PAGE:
Buttons and bread

Buttons

Buttons are small daily objects that quietly connect things. They join things up, they hold us together. This blog features buttons as a way of reminding us of the little things that lie behind the actions we take to build strong communities.

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The other part of this blog’s title represents the nourishment we get from participating in community life and that we can offer to others also. It is not the nourishment of the exotic, but the everyday sustenance of regular connections, ongoing work and play – bread rather than caviar.

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Making pots, attracting bees

This year CHO has a theme of ‘bees’ and recently we got a community grant from Council to make planter pots for home and community gardens within which we can grow plants that attract the little honey-producing darlings. I went along, and had a great time. There were about 10 of us there, and it was such fun playing around with clay and learning how to build a pot. Connie, who led the session, has appeared in these pages before. I got off the track and forgot to take any photos, so I am putting up some pics from the internet to give a bit of a flavour of what we got up to.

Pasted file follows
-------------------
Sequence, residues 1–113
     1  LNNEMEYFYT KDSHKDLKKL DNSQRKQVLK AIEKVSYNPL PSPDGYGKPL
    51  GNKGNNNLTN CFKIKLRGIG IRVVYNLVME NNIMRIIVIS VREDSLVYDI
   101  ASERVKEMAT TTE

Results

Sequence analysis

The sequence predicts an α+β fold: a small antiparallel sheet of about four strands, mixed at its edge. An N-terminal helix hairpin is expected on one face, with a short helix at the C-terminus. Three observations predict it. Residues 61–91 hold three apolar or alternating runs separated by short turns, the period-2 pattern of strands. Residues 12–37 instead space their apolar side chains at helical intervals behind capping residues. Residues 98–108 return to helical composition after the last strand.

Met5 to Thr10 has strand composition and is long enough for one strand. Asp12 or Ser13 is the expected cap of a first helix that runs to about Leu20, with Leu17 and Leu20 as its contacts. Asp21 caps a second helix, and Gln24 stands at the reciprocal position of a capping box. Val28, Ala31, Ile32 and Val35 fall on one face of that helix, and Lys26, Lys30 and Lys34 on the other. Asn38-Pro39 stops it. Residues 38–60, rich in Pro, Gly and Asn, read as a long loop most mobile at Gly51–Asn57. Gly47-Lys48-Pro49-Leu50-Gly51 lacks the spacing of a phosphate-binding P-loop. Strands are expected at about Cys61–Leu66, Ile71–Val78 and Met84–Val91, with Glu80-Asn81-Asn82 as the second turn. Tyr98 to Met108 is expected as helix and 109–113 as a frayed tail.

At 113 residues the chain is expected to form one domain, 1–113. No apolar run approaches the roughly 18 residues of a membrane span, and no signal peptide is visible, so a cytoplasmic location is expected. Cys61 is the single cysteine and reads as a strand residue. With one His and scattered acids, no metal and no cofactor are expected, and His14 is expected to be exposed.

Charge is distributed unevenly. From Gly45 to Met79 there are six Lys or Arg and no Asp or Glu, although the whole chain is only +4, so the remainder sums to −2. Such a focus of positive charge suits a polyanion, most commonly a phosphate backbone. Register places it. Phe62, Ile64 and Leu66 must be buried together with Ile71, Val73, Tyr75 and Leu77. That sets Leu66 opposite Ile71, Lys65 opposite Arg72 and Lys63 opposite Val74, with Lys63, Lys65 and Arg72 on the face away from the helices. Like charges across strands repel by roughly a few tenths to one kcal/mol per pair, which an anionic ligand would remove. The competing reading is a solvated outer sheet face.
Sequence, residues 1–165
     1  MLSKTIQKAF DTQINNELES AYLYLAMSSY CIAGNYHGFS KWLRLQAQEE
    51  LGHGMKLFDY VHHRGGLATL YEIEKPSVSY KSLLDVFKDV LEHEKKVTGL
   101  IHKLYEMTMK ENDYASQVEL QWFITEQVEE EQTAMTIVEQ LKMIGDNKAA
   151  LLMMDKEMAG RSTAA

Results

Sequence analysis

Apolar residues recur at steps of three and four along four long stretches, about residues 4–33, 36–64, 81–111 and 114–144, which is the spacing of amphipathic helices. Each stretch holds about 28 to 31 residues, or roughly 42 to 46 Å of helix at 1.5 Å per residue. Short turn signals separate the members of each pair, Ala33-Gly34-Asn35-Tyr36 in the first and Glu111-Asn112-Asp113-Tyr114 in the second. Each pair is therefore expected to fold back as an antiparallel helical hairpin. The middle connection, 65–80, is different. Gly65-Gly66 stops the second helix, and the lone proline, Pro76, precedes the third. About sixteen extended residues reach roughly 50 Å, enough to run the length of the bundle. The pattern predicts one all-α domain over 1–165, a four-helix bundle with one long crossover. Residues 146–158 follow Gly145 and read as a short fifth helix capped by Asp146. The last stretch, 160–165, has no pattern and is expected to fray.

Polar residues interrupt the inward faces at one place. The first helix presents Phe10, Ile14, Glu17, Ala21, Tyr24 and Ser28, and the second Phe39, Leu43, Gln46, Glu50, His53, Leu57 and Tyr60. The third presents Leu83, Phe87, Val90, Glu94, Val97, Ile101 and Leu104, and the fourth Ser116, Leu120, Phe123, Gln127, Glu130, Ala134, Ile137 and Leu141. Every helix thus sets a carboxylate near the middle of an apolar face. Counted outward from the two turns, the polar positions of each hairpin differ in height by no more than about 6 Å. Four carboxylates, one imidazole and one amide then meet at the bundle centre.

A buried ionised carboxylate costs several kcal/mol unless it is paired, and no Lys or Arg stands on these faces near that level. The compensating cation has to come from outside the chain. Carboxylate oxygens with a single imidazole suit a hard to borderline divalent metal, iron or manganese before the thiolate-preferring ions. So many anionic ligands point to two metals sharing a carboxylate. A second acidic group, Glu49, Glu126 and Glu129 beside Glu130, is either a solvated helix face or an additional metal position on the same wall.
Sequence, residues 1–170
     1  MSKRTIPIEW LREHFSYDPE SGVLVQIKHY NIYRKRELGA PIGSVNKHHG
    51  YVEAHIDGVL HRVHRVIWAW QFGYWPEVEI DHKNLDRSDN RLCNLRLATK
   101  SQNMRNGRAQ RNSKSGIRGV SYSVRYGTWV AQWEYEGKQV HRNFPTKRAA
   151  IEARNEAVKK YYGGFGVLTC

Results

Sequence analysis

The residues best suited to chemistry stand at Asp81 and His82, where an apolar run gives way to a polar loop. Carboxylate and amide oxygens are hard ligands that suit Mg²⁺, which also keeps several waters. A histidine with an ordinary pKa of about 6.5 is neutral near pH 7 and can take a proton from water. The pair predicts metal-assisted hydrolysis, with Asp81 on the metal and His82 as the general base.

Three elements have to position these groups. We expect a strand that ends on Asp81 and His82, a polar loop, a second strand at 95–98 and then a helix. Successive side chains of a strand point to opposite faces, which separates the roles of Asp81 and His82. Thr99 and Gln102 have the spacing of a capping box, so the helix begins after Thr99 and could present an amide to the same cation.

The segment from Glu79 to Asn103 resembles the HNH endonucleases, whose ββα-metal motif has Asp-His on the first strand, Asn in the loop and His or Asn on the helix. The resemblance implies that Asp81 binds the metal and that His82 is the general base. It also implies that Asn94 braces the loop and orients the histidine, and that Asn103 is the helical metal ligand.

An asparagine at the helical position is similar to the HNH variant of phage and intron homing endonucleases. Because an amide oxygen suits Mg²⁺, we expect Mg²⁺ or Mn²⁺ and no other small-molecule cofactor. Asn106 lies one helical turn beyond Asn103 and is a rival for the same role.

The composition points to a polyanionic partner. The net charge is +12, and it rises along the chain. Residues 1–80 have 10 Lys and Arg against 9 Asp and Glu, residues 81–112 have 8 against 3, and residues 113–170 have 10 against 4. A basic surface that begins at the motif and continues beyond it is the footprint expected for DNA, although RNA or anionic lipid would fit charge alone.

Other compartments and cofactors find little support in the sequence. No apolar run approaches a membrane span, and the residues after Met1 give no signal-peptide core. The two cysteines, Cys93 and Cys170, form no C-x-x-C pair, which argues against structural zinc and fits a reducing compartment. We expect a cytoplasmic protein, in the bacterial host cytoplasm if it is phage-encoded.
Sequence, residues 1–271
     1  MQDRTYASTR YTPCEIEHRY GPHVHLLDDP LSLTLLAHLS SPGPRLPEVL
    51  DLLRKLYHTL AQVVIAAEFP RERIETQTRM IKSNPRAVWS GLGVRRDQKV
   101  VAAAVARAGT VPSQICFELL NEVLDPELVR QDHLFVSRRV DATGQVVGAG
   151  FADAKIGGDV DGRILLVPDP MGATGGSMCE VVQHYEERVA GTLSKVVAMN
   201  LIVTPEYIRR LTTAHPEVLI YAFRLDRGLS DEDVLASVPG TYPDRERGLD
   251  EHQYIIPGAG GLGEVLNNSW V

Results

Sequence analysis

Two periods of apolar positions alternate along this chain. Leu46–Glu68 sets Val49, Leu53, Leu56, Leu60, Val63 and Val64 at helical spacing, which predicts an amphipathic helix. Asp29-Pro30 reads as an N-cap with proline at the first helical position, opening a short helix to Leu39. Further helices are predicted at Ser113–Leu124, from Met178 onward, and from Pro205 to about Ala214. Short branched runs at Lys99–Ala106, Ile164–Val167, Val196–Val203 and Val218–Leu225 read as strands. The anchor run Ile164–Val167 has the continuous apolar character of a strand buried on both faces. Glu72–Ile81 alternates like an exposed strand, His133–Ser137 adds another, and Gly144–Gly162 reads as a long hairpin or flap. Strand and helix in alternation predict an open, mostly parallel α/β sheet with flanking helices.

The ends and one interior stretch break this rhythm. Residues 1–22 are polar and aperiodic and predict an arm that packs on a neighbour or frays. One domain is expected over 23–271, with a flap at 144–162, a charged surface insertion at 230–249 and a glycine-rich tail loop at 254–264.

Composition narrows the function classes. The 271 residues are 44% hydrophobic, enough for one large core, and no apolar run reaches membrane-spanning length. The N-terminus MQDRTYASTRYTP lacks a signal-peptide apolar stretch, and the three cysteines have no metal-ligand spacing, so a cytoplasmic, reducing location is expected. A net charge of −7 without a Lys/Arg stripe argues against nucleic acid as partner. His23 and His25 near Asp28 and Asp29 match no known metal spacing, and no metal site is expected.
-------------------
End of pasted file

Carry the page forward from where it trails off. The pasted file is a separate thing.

Now, just for a laugh, here are some beautiful finished pots from the internet also – ours will no doubt not be massively like these! (I’ve mostly chosen photos of raku pots. We have been using raku clay today.)

 

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Outside the fence

Spring is here and there are flowers blooming everywhere. I went for a walk the other morning and was struck by how many people have planted on the verges or by the footpaths outside their front gates (or side gates). Mostly they are unprepossessing, hardy plants, but at this time of the year even the most ‘ordinary’ are coming into their own. It seems such a generous, cheerful, neighbourly gesture, and I am really enjoying the results.

Here is a selection of what I came across…

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Waste not…

 

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Pete from Peat’s Soils based at Willunga

I just saw a fantastic segment on Landline, the show that features items about agriculture in all its forms, and which is on tv every Sunday – it featured a local guy who runs a composting and soil firm, and showed how he is involved in every aspect of recycling biological waste to run his business. Not only turning all sorts of plant and animal waste into compost, but also turning waste and dirty grease from restaurants etc, into bio-fuel, and even growing plants to turn into ethanol so that it can be part of that process of running the trucks with bio-fuel to carry the waste or soil. As the program says, Pete, from Peat’s Soils, is a real ideas man. Amazing!

Here’s the clip from the show

(But be careful as it contains images of dead animals)

 

 

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Getting some z’s on Father’s Day